Uttar Pradesh, which has the highest concentration of Micro, Small and Medium Enterprises (MSMEs) estimated at over 3 million, is facing major power cuts affecting industrial production. The state is facing an energy deficit of over 924 million units (MU), or nearly 11.2 per cent. UP has availability of 7,358 MU against the power requirement of over 8,282 MU.
According to industry chamber Assocham, the state power utilities have been forced to resort to load shedding of 10-12 hours a day to meet the massive shortfall. Assocham secretary general D S Rawat said UP and Andhra Pradesh were facing the worst power crisis and the situation would deteriorate in the absence of corrective measures.
“Therefore, the industrial pockets in these states would have to curtail their industrial production to the extent of 45 percent,” he noted.
Power theft, leakages and transmission and commercial losses were the main reasons for the power deficit. Use of non-conventional sources of energy, especially for domestic usage and street lightning, has been recommended as the short-term solution.
Continued power disruptions in northern, southern and western regions had forced industrial units to curtail industrial production (IP) by about 30 percent in April and May 2014.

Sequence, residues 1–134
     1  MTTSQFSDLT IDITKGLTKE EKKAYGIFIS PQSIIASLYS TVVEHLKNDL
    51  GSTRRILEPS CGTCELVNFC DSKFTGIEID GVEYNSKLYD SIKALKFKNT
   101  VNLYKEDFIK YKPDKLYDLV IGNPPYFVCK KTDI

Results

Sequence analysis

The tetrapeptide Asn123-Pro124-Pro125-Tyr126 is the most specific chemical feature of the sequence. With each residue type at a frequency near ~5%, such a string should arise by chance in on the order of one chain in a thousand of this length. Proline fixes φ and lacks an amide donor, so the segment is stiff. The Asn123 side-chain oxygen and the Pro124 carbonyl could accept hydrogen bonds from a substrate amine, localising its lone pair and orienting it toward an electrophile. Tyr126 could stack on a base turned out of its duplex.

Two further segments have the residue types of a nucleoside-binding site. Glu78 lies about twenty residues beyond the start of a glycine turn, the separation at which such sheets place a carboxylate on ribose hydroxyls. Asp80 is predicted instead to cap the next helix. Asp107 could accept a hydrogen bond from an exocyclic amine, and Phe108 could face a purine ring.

The loss of industrial production was likely to exceed 35-40 percent in June and July, as per feedback received by ASSOCHAM from its constituents in these regions.
The power deficit suffered by industrial units in April-May estimated between 20-25 percent would breach 35 percent in June-July due to forthcoming rainy season as defects in the energy transmission system would be exposed.
As a result of power deficit, industrial production in UP, AP, J&K, Haryana, Punjab, Rajasthan, Karnataka, Tamil Nadu and Maharashtra would have to be curtailed to the extent of 30-35 percent particularly in manufacturing.
Meanwhile, AP faces power deficit of over 12 percent with energy availability at only 7,976 MU against the requirement of 9,070 MU.
Maharashtra has the potential to generate 5,000 Mw of electricity through wind energy and another 1500 Mw by way of bagasse cogeneration. With such non-conventional energy resources, the region could become power surplus state in few years.
Demand side management and transfer of surplus power from captive units to grids were few suggestions cited to fight power shortages in short run.
Rawat lamented lack of fresh investment and modernisation coupled with huge transmission losses were responsible for grave power situation in India.